Wednesday, October 24, 2007

chambers of death

"With her much fair speech she caused him to yield, with the flattering of her lips she forced him. He goeth after her straightway, as an ox goeth to the slaughter, or as a fool to the correction of the stocks; Till a dart strike through his liver; as a bird hasteth to the snare, and knoweth not that it is for his life."

Proverbs 7:21-23

I don't want to write on this topic. I've spent most of the week trying to glean something else out of Proverbs 7, and tonight I considered skipping the chapter altogether--but if you're going to write a series on Proverbs, you can't escape this. Solomon devotes entire chapters to it.

The topic is sexual sin, what used to be called fornication. Nowadays that word is out of favour; the only people who use it are the ranting lunatic preachers we see caricatured on TV. I don't like to write about it for several reasons, chief among them being that I can hardly walk out the door without this Sin of our Age bombarding me, and I see no reason to drag readers through the mud again.

And yet we can't ignore it.

We can't ignore what Scripture says about it. Now more than ever we need to listen up. Now more than ever we need to tell the truth about this sin and what it does to people. Now more than ever we need to say with Solomon that "she hath cast down many wounded: yea, many strong men have been slain by her. Her house is the way to hell, going down to the chambers of death" (Prov. 7:27-28).

Of all the damaging, destructive lies sold to our society, none is so pervasive as the lie that freedom is found through breaking God's sexual laws, that there are no consequences to sin. The incredible thing is that so many people have bought this, when every unwed teenage mother, every child without a father, everyone struggling with an STD, every man staring at the wreckage of his family, wishing somehow he could undo things--everyone who has broken God's law--knows better. We know it hurts. We know it destroys. We know it promises fulfillment and leaves us empty and broken.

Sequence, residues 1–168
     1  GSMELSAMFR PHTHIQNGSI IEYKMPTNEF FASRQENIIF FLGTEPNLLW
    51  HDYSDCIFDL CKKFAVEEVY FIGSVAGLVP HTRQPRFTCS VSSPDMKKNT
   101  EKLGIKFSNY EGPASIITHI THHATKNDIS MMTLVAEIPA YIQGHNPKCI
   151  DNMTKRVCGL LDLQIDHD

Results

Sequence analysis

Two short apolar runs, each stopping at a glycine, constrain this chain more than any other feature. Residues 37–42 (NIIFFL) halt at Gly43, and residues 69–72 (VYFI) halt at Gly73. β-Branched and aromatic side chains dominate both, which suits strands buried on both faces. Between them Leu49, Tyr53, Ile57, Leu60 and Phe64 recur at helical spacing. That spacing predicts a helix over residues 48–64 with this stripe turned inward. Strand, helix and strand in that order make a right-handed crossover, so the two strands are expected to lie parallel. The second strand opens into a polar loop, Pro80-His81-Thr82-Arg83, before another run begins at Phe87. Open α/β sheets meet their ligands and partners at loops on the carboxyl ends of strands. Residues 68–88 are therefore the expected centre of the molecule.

Yet we won't admit it.

As believers it's easy to look at society and shake our heads, wagging our fingers and tsk-tsking. But what about us? What are the standards in our own lives, among our congregations, among our groups of friends? Do we display the fear of God in our actions, words, and thoughts? Do we approach relationships in a way that honours others and proclaims the truth of God? Furthermore, when we do speak out against sin--and we should--do we come down from on high, smugly informing sinners that they should have listened, or do we say with Solomon's passion and urgency, "Listen, my son!"

Listen. Hear this. The path you take leads to the chambers of death. If we are dishonest about this, we betray ourselves and others. Compassion, and the Compassionate God, call us to live purely, to speak out, to confront this Destruction and tend the wounds inflicted by it.